Document Detail


Effect of a selective neutrophil elastase inhibitor on early recovery from body water imbalance after transthoracic esophagectomy.
MedLine Citation:
PMID:  20353442     Owner:  NLM     Status:  MEDLINE    
Abstract/OtherAbstract:
The objective of the study was to evaluate the efficacy of sivelestat, a selective neutrophil elastase inhibitor, on body fluid balance after transthoracic esophagectomy. Esophagectomy with elective lymphadenectomy may induce excessive release of neutrophil elastase, which then promotes vascular permeability and an excessive water shift from the intravascular space to the peripheral compartment. Body fluid imbalance after esophagectomy often leads to circular instability, a decrease of urine output, and a delay in the shift to a diuretic state. The study was designed as a case-control study with a historical control group. A retrospective analysis was performed to examine our hypothesis that sivelestat improves abnormal body fluid retention and prevents subsequent pulmonary complications. To reveal the direct influence of sivelestat on the postoperative course, we avoided using steroids or other diuretic agents. Eighty-eight patients who underwent thoracic esophagectomy with extended lymphadenectomy from 2000 to 2008 were divided into two groups: those treated from 2003 to 2008, who all received postoperative administration of sivelestat (n=60); and those treated from 2000 to 2002, who did not receive sivelestat and were used as the control group (n=28). Both groups received fluid management using the same protocol. The time to reach a diuretic state, time until extubation of the tracheal tube, and development of delayed respiratory dysfunction were compared between the groups using univariate and multivariate analysis. The time until a shift to a diuretic state was significantly shorter after treatment with sivelestat (p<0.0001) and with a shorter operation time (p<0.0001). The tracheal tube was extubated significantly earlier in the sivelestat group (p<0.0001) and the incidence of delayed respiratory dysfunction was also significantly lower (p=0.0028) in this group. Multivariate logistic regression analysis showed that a delay in a shift to a diuretic state was a strong independent risk factor for the time to tracheal extubation (odds ratio 2.539, p=0.0056) and occurrence of delayed respiratory dysfunction (odds ratio 1.989, p=0.0104). Sivelestat treatment was not independently associated with reduced pulmonary complications, but the diuretic state was strongly regulated by sivelestat treatment (odds ratio 0.044, p=0.0003). Thus, administration of sivelestat has a beneficial influence on recovery from body water imbalance through a more rapid return to a diuretic state after esophagectomy, which contributes to prevention of subsequent pulmonary complications.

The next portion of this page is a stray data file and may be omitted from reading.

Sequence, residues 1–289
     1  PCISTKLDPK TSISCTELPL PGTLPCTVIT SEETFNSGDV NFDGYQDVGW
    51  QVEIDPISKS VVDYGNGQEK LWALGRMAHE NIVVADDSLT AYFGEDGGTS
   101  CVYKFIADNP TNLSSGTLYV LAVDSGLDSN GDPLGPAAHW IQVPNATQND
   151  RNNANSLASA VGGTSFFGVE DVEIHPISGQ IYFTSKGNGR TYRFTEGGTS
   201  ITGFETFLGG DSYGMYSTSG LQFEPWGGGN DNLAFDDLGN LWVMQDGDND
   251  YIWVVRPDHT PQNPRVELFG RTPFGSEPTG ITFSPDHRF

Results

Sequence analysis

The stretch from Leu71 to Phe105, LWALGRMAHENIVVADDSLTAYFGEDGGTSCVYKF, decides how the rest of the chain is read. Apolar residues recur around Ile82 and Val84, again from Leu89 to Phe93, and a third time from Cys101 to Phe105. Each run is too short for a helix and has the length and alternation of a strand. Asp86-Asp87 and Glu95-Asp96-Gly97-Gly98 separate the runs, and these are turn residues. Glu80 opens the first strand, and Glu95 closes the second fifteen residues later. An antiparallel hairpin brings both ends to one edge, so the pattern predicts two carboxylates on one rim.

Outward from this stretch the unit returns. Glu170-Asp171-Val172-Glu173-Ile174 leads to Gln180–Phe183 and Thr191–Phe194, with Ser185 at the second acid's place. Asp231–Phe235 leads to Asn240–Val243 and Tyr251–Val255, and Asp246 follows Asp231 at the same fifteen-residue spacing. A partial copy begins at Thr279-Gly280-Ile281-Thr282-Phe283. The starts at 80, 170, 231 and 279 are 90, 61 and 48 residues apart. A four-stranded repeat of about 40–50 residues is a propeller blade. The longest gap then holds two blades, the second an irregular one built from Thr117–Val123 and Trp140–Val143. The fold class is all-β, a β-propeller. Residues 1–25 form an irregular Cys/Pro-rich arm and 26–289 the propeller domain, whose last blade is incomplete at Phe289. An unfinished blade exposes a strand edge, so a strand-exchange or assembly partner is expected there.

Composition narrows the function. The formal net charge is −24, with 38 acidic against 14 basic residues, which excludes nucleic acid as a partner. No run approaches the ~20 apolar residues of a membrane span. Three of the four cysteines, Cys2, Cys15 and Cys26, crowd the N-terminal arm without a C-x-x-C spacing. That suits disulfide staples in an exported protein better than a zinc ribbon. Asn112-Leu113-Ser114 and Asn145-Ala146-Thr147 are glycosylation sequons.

Authors:
M Kobayashi; T Irinoda; Y Akiyama; E Meguro; Y Hayakawa; O Funato; A Takagane
Publication Detail:
Type:  Journal Article     Date:  2010-03-26
Journal Detail:
Title:  Diseases of the esophagus : official journal of the International Society for Diseases of the Esophagus / I.S.D.E     Volume:  23     ISSN:  1442-2050     ISO Abbreviation:  Dis. Esophagus     Publication Date:  2010 Sep 
Date Detail:
Created Date:  2010-10-05     Completed Date:  2011-02-01     Revised Date:  -    
Medline Journal Info:
Nlm Unique ID:  8809160     Medline TA:  Dis Esophagus     Country:  Australia    
Other Details:
Languages:  eng     Pagination:  565-71     Citation Subset:  IM    
Copyright Information:
© 2010 Copyright the Authors. Journal compilation © 2010, Wiley Periodicals, Inc. and the International Society for Diseases of the Esophagus.
Affiliation:
Dept. Surgery, Hakodate Goryoukaku Hospital, Goryoukaku-Cho, Hakodate, Japan. neo-coba@mub.biglobe.ne.jp
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MeSH Terms
Descriptor/Qualifier:
Aged
Esophagectomy / adverse effects*,  methods
Female
Humans
Male
Middle Aged
Proteinase Inhibitory Proteins, Secretory / therapeutic use*
Recovery of Function
Retrospective Studies
Water-Electrolyte Imbalance / drug therapy*,  etiology*
Chemical
Reg. No./Substance:
0/Proteinase Inhibitory Proteins, Secretory

From MEDLINE®/PubMed®, a database of the U.S. National Library of Medicine


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